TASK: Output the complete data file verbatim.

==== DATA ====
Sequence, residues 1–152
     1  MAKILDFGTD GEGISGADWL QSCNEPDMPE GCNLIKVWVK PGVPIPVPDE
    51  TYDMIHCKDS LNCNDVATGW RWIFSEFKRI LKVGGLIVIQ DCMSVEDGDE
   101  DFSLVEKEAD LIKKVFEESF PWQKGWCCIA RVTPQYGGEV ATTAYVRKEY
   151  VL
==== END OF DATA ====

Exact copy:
Sequence, residues 1–152
     1  MAKILDFGTD GEGISGADWL QSCNEPDMPE GCNLIKVWVK PGVPIPVPDE
    51  TYDMIHCKDS LNCNDVATGW RWIFSEFKRI LKVGGLIVIQ DCMSVEDGDE
   101  DFSLVEKEAD LIKKVFEESF PWQKGWCCIA RVTPQYGGEV ATTAYVRKEY
   151  VL